By Dariusz Dziewanski

Violence in South Africa is nothing new. Both the devastating effects of violence, and the risk factors underlying it, have existed before the Oscar Pistorius trial and will continue to exist after it. What will cease to exist is a media and public fascination with violence. As interest wanes, violence will no longer have a face. Nor will it be splashed across the front pages of newspapers in penetrating personal analyses that border on mania. Violence, and portrayals of violence, will return to “normal”, to be parsed out a paragraph at time and buried among the inner folds of the nation’s newspapers.

And, still, violence will persist in places like the Cape Flats. Though Cape Town was recently dubbed South Africa’s “deadliest city”, you would never know it by visiting the central City Bowl. With its iconic panoramas of Table Mountain, it is glossy and serene. But no more than twenty minutes away, fierce battles are played out between rival gangs. Last year, for instance, a surge in gang violence prompted education officials in Manenberg to close sixteen schools for two days.

Yet few South Africans — or Capetonians for that matter — know anything of substance about neighbourhoods like these — other than, of course, the fact that they are violent. So violence exists as a faceless phenomenon, without the personalised storylines or characterisations afforded the Pistorius trial. There are no processes of humanisation, and thus there is no empathy. Violence is predation, perpetrated by caricatures of gangsters and skollies. Within such one-dimensional stereotypes, the Cape Flats is a forsaken underworld, best renounced to moralistic dichotomies of good and evil, and the heavy-handed approach to policing this thinking promotes. By extension, young coloured men are seen principally as security threats — exactly the kind of abstract bogeymen Pistorius claims to have defended himself against.

Lost is any real account of the lives of the men and women affected by the violence, as well as the stories of the communities that live with it and work against it. Also unaccounted for is the fact that a great many of those that are shooting — and getting shot — are fifteen-to-seventeen years old, or even younger. In other words, these are typically boys who are forced to navigate morality in a context where violence and death are a weekly, if not daily, occurrence. They have often been pushed onto the streets due to problems at home, and into gangs for protection or for respect, in circumstances that are lacking sufficient opportunities for jobs or empowerment. There are also those hopeful examples who have successfully escaped violent lives. Others have tried, but have been pulled back in — usually due to some combination of familial dislocation, lack of work, or personal struggles with substance abuse. Thus, though they may be “gangsters”, these boys are also human beings, with real hopes, fears, and aspirations towards a better life.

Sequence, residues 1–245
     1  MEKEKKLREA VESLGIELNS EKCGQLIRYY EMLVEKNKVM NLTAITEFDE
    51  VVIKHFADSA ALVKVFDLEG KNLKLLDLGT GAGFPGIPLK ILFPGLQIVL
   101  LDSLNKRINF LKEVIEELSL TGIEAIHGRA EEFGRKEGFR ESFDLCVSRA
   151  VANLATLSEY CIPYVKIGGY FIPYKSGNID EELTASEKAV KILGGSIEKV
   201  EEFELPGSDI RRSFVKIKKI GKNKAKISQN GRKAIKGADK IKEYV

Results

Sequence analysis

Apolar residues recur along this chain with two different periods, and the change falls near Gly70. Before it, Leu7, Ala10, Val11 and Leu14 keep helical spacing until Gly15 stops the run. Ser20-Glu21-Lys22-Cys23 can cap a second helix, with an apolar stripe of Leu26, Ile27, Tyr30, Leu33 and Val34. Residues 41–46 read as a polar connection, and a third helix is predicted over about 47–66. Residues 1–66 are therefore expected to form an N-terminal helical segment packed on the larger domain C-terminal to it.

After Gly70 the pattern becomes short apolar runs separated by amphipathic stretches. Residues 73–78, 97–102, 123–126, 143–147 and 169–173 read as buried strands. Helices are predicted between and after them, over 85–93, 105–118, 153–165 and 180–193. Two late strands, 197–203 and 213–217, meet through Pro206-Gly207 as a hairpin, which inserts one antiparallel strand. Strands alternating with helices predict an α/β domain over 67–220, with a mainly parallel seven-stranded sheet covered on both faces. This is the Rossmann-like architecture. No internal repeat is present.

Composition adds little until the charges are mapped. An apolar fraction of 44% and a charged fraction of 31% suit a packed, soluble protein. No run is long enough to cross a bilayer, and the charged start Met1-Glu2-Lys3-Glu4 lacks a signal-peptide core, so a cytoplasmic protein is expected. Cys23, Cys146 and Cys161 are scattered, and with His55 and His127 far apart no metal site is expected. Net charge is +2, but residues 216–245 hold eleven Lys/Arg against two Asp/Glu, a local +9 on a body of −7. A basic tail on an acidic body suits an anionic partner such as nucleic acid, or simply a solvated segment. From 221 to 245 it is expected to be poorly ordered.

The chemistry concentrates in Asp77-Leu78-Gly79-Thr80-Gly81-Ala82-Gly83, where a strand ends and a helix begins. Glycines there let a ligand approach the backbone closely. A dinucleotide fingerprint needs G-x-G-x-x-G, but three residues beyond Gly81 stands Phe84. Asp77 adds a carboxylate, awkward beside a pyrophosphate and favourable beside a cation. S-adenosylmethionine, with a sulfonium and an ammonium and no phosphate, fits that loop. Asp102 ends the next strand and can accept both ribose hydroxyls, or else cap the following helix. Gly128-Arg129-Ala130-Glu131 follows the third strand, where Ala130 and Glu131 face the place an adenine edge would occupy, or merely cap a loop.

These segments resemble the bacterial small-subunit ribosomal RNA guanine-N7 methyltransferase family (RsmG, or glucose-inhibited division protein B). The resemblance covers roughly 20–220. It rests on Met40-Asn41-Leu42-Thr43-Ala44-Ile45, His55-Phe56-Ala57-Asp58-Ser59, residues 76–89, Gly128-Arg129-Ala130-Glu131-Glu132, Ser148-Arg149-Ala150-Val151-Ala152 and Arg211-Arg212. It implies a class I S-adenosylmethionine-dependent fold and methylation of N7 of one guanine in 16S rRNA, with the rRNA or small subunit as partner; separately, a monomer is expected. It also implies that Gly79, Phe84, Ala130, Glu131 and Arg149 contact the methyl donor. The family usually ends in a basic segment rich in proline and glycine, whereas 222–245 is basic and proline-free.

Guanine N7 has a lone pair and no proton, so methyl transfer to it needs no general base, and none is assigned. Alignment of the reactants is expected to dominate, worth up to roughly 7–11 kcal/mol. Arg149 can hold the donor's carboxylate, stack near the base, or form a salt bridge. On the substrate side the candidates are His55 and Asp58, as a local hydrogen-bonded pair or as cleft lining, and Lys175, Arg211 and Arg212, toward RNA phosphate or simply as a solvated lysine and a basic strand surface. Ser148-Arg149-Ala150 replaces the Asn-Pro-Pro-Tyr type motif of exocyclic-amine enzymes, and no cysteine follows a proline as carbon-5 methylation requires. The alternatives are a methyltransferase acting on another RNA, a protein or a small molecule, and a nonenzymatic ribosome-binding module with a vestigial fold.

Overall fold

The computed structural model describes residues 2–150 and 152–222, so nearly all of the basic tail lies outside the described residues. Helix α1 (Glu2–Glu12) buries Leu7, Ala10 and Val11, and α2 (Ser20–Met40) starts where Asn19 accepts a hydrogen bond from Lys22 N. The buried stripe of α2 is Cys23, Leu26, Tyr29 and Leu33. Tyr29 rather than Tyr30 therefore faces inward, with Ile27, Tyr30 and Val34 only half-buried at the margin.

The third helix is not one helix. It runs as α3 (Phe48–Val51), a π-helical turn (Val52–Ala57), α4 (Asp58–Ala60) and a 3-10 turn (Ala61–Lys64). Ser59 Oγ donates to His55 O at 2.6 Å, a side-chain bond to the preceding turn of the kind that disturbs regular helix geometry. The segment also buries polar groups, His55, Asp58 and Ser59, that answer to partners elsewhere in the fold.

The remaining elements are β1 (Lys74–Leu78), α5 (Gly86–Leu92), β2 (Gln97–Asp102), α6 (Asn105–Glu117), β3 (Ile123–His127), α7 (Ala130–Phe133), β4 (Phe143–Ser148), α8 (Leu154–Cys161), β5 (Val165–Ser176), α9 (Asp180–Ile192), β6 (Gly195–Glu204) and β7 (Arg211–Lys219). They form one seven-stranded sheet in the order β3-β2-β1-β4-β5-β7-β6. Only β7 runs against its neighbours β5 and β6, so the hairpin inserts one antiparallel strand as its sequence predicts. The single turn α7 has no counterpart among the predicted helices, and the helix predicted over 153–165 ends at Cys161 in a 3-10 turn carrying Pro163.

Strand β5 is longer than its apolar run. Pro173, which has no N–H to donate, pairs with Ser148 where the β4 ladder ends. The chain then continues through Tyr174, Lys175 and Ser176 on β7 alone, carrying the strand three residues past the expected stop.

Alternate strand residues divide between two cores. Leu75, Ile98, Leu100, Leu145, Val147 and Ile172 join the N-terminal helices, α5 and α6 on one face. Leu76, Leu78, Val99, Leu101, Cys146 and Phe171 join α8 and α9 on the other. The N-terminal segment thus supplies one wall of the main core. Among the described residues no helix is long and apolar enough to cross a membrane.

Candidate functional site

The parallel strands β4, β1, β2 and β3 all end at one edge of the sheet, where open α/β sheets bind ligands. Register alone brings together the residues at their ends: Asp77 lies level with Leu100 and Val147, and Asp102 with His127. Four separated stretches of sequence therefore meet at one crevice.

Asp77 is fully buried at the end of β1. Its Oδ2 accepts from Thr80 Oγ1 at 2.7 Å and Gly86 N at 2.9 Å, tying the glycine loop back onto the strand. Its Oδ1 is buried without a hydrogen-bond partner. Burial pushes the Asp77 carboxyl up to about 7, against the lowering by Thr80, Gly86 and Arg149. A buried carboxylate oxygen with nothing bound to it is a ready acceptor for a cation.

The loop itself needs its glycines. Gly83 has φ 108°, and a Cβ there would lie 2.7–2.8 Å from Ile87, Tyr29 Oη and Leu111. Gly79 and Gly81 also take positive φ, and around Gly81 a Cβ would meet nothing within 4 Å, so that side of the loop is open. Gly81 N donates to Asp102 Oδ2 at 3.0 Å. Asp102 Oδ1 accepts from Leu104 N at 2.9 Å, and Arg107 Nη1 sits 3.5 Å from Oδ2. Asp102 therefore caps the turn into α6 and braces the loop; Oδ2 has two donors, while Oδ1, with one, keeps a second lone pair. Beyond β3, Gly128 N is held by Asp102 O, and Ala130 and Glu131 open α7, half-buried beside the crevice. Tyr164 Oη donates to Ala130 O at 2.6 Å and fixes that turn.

I use the Cape Flats as an example because I have been conducting research in Hanover Park for the last half-year. But violence is similarly present and disregarded across the country. The victims of this violence are black, coloured, Indian, and white, women and men, rich and poor, famous and unknown. While the stories of Pistorius and Reeva Steenkamp deserve attention, there are other poignant personal histories across this spectrum of experience that are ignored, and have been ignored for decades. Surely such stories deserve real attention as well. Not a matter-of-fact reporting of time, place, and cause of death, but real attention; in narratives as penetrating and rich as is necessitated by the lives they represent. And if these stories do not deserve attention, the conclusion can only be that Steenkamp’s death is exceptional, while the violent death of a seventeen-year-old boy or girl living in the Cape Flats is normal. In other words, violence is acceptable for some and not for others.

In the next months, a verdict will be issued in the Pistorius trial. The trial will end and the hysteria around it will disappear. If anything, its real lasting impact of the trial may be the opportunity it offers for an introspective dialogue about the national struggle with violence. But to be truly impactful, this dialogue cannot privilege the experiences of some, while disregarding others. It must itself be a projection of the democratic ideal of the rainbow nation. Otherwise it ignores the common humanity of all South Africans and the claims to full citizenship of each individual. What is more, to look away from the atrocities being committed, is itself to do violence; not only by ignoring the senseless killing of boys and girls, but by allowing another kind of “structural violence”, which kills slowly through alienation, exclusion, and marginalisation. And if one is to condemn those who carry out violence in such circumstances, one must also condemn the systems that sustain that violence, and the role of wider South African society in perpetrating these systems — if only by omission.

Dariusz Dziewanski works as a researcher and consultant in international development, currently conducting research in Cape Town on issues related to violence. Follow at: @ddziewan


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